image

    image
  • fibber2fibber2 Mid Hudson Valley, NYPosts: 3,729
    I wish I could annotate your pictures and repost them, but I'm afraid that I don't know how. Your top image tells me a lot. You are looking down on a pair of hoses that go to your cabin heater, and right below that is the steering box. The box is wet. Do you see a philips head screw on the steering box to the left of the steering shaft? Move an inch to the left of the screw, dead center in the photo, about an inch off of the left margin. That is the back of the head, and it looks like there is a paper/plastic barcode tag glued to it. Just 'north' of that spot you can see a crease line - that's the edge of the head gasket, and beyond that the block. The tag area looks yellowish and wet. That is exactly where mine leaked from on both occasions.

    Below that spot, but above the steering box is a greyish curved heavy piece of metal that is part of the subframe. The cutout in this brace is what enables you to see down to the steering box. It looks coated in green and quite dirty as well - almost exactly as mine did. Guess what the 'green' is....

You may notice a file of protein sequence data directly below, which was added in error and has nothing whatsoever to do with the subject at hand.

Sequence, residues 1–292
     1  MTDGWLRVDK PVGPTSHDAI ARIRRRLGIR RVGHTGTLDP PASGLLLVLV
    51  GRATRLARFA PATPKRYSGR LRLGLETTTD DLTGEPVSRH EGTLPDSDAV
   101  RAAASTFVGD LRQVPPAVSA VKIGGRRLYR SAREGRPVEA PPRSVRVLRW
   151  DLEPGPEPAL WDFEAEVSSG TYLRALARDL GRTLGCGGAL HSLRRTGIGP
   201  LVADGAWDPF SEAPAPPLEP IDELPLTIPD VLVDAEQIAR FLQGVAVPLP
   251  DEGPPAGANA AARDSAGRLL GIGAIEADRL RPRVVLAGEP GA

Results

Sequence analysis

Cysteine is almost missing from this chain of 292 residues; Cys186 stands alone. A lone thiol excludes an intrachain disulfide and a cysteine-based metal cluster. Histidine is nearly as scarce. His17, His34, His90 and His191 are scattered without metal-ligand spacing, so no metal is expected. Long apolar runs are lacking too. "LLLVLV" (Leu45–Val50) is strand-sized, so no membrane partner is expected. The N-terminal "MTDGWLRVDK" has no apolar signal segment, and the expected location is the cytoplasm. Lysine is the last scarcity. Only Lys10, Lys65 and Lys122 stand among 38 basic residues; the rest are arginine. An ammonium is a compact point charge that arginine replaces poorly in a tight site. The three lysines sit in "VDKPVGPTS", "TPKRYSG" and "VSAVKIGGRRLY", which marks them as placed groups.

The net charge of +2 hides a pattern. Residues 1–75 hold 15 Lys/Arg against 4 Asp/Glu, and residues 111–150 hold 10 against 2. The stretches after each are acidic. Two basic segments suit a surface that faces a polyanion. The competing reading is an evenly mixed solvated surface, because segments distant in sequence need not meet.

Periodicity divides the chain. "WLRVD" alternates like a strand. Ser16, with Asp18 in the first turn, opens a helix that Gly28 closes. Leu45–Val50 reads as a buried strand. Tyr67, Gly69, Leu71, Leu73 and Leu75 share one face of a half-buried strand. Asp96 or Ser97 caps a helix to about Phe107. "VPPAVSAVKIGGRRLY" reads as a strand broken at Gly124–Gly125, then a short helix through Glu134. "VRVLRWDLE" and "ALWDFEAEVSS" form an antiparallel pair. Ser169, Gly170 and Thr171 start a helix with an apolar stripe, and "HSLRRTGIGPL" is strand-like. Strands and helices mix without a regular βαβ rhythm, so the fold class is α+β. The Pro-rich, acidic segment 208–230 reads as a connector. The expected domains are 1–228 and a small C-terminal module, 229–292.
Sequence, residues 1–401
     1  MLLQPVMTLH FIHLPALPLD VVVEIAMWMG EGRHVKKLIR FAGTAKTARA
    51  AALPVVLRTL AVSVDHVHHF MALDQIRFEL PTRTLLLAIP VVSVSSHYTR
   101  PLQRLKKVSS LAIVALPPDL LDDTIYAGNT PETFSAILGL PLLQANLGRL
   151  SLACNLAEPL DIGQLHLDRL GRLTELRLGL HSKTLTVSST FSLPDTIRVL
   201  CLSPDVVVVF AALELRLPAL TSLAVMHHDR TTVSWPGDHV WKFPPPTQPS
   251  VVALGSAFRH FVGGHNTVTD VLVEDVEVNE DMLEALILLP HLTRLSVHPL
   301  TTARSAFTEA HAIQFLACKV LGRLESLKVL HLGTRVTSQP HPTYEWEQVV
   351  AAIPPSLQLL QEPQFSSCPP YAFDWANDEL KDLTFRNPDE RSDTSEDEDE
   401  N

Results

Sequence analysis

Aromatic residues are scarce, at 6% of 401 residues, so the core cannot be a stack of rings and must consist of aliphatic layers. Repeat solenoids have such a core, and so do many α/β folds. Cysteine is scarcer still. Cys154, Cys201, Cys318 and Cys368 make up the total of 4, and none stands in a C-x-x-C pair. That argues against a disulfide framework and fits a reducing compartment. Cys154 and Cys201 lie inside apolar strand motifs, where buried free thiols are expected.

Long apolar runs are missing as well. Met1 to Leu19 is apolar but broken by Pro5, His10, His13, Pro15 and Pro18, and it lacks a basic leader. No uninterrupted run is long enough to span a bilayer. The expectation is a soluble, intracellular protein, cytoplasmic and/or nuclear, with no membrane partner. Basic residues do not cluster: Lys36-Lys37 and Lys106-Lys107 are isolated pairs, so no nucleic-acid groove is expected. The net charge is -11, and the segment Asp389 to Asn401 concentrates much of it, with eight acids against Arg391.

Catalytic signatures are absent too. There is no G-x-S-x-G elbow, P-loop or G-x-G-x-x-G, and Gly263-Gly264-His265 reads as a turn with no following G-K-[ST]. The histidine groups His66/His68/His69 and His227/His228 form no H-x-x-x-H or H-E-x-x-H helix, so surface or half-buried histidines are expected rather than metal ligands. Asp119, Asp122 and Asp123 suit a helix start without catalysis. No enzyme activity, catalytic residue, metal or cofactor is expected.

Sorry to be the bearer of bad news, but I think you already knew the score.
  • rebel71rebel71 Posts: 87
    Is it standard practice for the dealer to charge you a diagnostic fee, even if your vehicle is under warranty.
  • fibber2fibber2 Mid Hudson Valley, NYPosts: 3,729
    I've had this complaint for years, and talked to Service Managers about it. The net is that policies constantly change, but in general the manufacturers reimburse the dealer at a very low rate, or sometimes not at all for service visits that result in a "No Trouble Found" diagnosis. This means that the dealership, who is an independent business and essentially the middleman in this transaction ends up eating the cost of you coming in with a complaint that doesn't result in a repair that can be billed to the maker. Depending on the issue, they may eat it, or pass the cost on to you. It depends a lot on the nature of the complaint, how well you document and/or demonstrate it, etc.

    I don't like it, but I am coming to understand it.
  • my 06 with just 24K miles does a bad shift, hard with a bang, think it's 3rd to 4th, usually at 30-35 mph, when under 40F, often lightly loaded on the throttle.

    Tranny fluid on this auto was very yellow by 15K miles. I did a partial change (3 drains, fills), that helped, changed the $40 filter last week, that improved things too but still getting that hard clunk shift sometimes (but fluid-filter definitely helped).

    Is this typical in anyway or do I have a tranny failure coming? (under 6/60 warranty I hope). Thanks for any opinion or advice.